According to the AP top 25 the ACC has 3 teams ranked (Virginia Tech, UNC, and Wake Forest), the Big East has 2 teams ranked (South Florida and Pittsburgh) and the Pac Ten has 1 team ranked (USC). Of these teams South Florida, UNC, Virginia Tech and Pittsburgh all have pretty compelling cases for their rankings. Pittsburgh has a bad loss but they have beaten Iowa and have a road win over USF. The Bulls have taken down Kansas, Central Florida, and pounded NC State. North Carolina probably should have beaten Virginia Tech but has big victories over Rutgers and UCONN to go with a win over the Miami Hurricanes. Virginia Tech has beaten Georgia Tech, UNC and Nebraska with their 1 loss coming to East Carolina. I have a harder time justifying Wake Forest’s ranking because of their loss to Navy, but they too have some meat on their schedule so far.
Each one of these conferences has some good non-conference wins over BCS opponents. The best wins for the Big East Conference to date are over Kansas, Iowa, NC State, Virginia, Kansas State and Baylor. The Best Wins for the ACC are over Mississippi, UCONN, Cal, Colorado, and Rutgers. The Best wins for the Pac ten are Ohio State and Virginia (both by USC), Tennessee (by an awful UCLA team), Purdue and Michigan State.
Ignoring the bottom teams I already mentioned in these conferences lets examine who the non-conference losses are to in each league. The Big East has lost to UNC, Oklahoma, Kentucky, East Carolina and Colorado. The one really bad loss for the top teams in the league was Pitt losing to Bowling Green. The ACC has losses to Alabama, South Florida, Florida, USC to go with bad losses to Navy and Middle Tennessee State. The Pac Ten has losses to BYU, Fresno State, UNLV, New Mexico, Maryland, TCU, Notre Dame, Penn State, Georgia and Utah. In reality the Pac Ten has more questionable losses than the ACC or Big East. Really the only team who has carried the torch for the Pac Ten is USC.
Despite 3 straight BCS bowl wins over the SEC champ, the ACC champ and the Big 12 champ; despite an 8-2 record the last two seasons in bowl games; despite regular season victories this season and last over Auburn, Oregon State, Kansas, Virginia, Kansas State, and Maryland among others the Big East is still not perceived like the other leagues. The slip-ups by Big East teams get viewed in a more negative light than those of ACC and Pac Ten teams. The recent accomplishments of Big East teams are quickly dismissed or forgotten. In reality no team in the Big East has yet to really show they are a top notch team, though there are some teams that have the potential to be there by seasons end (South Florida, Pittsburgh, Cincinnati, and I would never rule out WVU). Though there is not that clear top team, the league is still solid and has been every bit the conference the Pac Ten and ACC have been this season.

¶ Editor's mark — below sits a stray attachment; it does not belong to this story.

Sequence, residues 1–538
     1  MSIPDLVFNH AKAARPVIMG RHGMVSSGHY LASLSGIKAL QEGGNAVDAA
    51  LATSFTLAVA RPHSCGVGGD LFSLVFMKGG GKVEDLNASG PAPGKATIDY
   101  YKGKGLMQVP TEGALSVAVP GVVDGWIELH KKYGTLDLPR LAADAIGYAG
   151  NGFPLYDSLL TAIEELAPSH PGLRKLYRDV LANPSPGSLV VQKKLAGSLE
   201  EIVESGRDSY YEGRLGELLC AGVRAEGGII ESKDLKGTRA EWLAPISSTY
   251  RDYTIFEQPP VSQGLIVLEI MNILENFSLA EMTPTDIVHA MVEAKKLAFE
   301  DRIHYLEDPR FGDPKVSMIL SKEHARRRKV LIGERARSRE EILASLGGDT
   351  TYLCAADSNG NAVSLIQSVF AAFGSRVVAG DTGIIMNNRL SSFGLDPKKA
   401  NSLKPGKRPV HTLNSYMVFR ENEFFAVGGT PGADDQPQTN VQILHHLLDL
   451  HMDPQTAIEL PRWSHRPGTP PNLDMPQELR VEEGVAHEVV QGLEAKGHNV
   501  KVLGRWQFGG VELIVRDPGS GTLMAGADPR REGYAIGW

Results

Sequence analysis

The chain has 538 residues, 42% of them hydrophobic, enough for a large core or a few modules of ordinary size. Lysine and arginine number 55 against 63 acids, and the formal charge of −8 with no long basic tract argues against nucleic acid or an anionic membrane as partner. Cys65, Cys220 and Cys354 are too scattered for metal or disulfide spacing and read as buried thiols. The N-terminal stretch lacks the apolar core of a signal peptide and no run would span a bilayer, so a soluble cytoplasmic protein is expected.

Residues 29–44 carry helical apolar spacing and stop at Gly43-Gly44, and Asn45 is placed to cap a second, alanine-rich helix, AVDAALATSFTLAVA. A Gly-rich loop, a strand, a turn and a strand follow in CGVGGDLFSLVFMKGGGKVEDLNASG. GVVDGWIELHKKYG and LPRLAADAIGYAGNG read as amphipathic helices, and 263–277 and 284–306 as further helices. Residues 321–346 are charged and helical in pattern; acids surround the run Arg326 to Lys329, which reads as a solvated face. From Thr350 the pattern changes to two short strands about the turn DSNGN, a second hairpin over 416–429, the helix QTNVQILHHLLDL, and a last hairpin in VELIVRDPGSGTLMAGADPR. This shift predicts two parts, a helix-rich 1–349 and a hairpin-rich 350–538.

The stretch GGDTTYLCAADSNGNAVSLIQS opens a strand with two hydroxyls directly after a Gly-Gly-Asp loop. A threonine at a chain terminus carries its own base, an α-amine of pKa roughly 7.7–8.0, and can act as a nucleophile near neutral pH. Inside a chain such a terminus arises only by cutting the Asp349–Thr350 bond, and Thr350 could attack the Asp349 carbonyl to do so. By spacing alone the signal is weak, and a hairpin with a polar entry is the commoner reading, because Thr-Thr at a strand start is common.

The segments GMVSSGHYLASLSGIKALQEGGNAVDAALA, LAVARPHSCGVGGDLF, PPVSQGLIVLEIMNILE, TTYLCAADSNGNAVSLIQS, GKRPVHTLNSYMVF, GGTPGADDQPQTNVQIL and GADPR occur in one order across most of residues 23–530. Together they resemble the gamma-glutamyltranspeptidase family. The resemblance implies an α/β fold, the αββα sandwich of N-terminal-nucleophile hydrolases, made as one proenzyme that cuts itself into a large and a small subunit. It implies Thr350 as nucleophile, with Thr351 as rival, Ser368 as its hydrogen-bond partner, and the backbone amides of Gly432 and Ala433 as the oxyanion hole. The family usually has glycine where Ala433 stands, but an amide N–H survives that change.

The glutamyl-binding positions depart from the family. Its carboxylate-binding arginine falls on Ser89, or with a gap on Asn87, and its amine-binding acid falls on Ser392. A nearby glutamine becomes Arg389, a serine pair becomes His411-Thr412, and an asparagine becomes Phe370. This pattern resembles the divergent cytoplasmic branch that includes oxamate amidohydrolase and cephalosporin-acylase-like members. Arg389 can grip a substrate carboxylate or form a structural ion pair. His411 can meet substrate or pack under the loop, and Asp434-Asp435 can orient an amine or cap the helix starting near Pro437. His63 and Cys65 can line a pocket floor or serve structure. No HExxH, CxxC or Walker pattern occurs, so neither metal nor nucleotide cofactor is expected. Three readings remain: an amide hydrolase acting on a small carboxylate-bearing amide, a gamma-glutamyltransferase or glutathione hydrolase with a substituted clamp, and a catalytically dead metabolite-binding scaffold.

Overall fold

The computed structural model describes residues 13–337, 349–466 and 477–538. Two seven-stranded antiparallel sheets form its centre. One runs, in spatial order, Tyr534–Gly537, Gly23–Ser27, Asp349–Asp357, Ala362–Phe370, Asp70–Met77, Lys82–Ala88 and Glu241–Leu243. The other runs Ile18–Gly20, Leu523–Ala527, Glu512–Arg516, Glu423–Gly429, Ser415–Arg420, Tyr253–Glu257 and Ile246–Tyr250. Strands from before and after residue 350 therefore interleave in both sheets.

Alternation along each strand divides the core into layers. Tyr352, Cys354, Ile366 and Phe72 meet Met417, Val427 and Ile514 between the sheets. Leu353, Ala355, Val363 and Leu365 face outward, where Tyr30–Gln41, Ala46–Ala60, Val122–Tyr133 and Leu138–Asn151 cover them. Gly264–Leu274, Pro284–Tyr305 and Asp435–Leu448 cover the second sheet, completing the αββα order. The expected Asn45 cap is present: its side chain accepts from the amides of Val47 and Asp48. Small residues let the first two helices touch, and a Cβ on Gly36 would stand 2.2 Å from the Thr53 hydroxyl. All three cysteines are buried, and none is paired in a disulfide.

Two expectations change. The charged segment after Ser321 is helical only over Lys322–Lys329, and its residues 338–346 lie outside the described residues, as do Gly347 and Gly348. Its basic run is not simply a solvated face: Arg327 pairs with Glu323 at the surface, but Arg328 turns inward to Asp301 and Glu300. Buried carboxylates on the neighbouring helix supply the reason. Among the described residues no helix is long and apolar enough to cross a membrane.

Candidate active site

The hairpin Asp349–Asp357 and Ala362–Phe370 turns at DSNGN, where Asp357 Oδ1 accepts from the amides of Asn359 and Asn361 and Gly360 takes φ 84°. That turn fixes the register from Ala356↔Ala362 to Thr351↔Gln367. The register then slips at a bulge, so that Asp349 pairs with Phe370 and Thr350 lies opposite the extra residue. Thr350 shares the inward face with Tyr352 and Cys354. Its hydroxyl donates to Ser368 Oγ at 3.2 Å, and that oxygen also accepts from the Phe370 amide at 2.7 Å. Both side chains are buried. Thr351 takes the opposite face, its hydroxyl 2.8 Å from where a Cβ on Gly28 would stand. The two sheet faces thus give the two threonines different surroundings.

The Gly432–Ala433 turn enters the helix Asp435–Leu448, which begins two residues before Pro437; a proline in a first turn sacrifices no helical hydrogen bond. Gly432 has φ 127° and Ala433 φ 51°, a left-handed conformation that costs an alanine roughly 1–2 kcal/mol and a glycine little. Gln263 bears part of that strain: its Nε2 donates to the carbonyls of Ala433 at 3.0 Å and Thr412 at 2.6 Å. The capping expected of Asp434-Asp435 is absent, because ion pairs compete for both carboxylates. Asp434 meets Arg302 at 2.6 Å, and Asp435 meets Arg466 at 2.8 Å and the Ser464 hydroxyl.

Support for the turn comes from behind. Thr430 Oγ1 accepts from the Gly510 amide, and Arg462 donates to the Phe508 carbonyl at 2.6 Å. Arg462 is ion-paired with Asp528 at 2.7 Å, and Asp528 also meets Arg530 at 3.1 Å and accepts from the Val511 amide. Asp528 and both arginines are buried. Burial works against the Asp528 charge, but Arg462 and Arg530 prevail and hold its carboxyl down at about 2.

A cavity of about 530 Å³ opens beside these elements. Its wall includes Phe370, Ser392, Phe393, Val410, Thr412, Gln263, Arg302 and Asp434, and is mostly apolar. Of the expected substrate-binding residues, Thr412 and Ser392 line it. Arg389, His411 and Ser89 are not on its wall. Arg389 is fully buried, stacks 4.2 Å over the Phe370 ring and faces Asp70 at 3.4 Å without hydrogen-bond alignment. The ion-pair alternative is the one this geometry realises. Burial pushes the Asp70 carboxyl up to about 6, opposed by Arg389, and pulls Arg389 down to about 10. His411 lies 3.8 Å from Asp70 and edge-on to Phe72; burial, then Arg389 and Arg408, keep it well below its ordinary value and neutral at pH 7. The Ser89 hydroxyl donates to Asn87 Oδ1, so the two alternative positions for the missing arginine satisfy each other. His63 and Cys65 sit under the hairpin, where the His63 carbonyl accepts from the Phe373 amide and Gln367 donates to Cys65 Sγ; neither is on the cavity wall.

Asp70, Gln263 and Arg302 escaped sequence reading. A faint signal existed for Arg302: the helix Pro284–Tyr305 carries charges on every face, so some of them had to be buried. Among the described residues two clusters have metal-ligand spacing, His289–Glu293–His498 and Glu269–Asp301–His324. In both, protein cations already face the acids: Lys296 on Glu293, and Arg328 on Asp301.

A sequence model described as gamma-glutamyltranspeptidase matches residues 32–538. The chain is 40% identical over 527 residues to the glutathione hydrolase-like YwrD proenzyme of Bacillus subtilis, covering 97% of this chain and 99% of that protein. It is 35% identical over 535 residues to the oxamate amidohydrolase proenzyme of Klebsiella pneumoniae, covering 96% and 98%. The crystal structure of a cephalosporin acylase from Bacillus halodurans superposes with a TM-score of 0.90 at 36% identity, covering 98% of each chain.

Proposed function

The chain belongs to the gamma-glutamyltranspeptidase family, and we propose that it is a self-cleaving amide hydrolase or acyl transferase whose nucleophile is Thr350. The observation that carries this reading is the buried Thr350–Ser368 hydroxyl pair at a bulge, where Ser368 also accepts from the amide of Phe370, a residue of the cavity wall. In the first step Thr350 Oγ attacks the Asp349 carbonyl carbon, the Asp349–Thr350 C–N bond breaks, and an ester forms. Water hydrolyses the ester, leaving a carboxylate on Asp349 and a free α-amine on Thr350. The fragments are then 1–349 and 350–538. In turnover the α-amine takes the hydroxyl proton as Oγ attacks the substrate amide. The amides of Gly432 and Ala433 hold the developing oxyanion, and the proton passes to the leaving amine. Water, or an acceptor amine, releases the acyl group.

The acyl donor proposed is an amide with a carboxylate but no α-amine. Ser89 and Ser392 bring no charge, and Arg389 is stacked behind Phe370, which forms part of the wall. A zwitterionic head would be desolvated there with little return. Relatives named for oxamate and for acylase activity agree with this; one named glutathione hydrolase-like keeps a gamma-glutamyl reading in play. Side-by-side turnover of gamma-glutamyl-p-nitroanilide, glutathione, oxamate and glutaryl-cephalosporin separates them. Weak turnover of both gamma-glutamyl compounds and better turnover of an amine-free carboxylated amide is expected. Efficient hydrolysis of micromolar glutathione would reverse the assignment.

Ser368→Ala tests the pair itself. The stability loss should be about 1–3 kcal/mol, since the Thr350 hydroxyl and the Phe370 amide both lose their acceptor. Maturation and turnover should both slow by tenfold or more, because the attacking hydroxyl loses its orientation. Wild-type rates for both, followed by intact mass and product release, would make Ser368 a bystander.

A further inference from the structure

People keep asking the question of whether or not the Big East can win a BCS bowl (the same question was asked the last three years and answered the same way each time…yes). The Big East has plenty of good teams, whether it is recognized nationally or not. I would bet the farm that if you put BYU, Boise State, or Utah in this conference they would lose 2 or 3 games. There is plenty of talent on the field every week. In the battle to gain consistent respect and positive perception among the college football elite the Big East is not their yet. Despite that the product on the field has been, is, and will continue to be fine. The Big East will have another solid year, another solid Bowl Season, and may even win another BCS Bowl. So much of college football is perception based and not reality based…to me the perception that the Big East is down this season continues to be overblown. The Big East had done plenty to establish themselves as a solid BCS conference and by seasons end there will be plenty of accomplished teams carrying the torch for the Big East Conference.